- The findings of Wilshire Phoenix (hereinafter, “we” or “our”) indicate that CME Bitcoin Futures contribute more to price discovery than its related spot markets
- Our analysis was performed using similar methodology previously employed by the SEC’s Division of Economic and Risk Analysis to evaluate price formation
- CME Bitcoin Futures have grown to become significant, this is not only demonstrated through trading volume and open interest, but also by influence on spot price formation
- A leading futures market suggests the existence of a robust base of traders who may trade on such market for many reasons such as trust in the exchange venue and lower latency
- Studies on price formation between the spot and futures markets in other asset classes often find that the futures markets lead
Price discovery is a hotly contested topic amongst trading venues and participants on multiple sides of primary markets as well as policy makers and regulators. The concept even merits explanation on the CFTC agency website where it states that price discovery is “the process of determining the price level for a commodity through the interaction of buyers and sellers and based on supply and demand conditions.”1 Effective price discovery facilitates best execution, the fulfillment of fiduciary responsibilities and the practicalities of pricing IPOs and secondary offerings.2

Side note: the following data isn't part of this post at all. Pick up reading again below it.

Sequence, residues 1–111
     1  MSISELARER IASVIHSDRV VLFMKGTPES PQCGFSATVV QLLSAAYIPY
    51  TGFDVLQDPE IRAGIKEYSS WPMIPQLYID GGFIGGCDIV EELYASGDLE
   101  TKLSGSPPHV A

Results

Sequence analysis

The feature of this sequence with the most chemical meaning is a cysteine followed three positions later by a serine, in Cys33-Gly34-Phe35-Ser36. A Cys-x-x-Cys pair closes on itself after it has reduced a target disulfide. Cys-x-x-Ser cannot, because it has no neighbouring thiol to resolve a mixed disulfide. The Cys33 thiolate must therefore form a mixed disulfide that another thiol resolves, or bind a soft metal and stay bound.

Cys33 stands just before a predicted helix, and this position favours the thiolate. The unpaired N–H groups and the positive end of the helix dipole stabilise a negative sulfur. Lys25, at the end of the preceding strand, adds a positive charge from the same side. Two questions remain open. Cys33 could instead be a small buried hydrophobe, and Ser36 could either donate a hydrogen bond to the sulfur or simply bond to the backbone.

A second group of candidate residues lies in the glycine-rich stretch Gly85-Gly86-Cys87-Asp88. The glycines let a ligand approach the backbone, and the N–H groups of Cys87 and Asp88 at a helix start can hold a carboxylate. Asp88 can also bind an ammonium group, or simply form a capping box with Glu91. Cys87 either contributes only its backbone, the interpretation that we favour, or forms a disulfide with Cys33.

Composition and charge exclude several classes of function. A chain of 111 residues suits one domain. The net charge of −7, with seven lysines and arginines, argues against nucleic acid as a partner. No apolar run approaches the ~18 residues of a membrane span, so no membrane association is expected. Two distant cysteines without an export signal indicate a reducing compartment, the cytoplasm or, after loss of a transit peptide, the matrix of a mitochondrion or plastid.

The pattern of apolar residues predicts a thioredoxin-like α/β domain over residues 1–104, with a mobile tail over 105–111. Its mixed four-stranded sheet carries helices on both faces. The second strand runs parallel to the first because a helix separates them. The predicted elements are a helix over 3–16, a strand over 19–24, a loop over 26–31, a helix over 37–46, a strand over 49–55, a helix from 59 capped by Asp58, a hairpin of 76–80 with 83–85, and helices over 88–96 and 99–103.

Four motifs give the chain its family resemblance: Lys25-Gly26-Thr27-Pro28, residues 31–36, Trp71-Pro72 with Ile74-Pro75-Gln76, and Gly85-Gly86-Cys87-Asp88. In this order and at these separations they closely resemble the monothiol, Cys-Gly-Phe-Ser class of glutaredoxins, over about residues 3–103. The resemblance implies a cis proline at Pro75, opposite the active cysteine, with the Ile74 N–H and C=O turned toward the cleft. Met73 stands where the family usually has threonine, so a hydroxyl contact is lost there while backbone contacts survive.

Efficient prices also form the bedrock underpinning the $448.97 trillion interest-rate derivatives and $6.87 trillion equity-linked derivatives industry (which includes exchange-traded products.)3 Obstacles to price discovery can increase trading costs, lead to sudden volatility, and diminish the efficient functioning of the global capital markets.
Given that price discovery in the traditional markets remains a contested topic, it is no surprise that the debate regarding the same in the bitcoin markets is that much more unsettled.4 Therefore, this paper seeks to evaluate the bitcoin price discovery process using proven, respected, and recognized academic methods that have been utilized for many other tradeable commodities and financial instruments over the past several decades. Another way our analysis differs is our usage of data at a higher frequency than previous papers, with ticks, grouped into one-minute intervals, as compared to 10 or 15 minutes. This allows a more precise estimation of the contribution of the spot and the futures markets to the process of price discovery.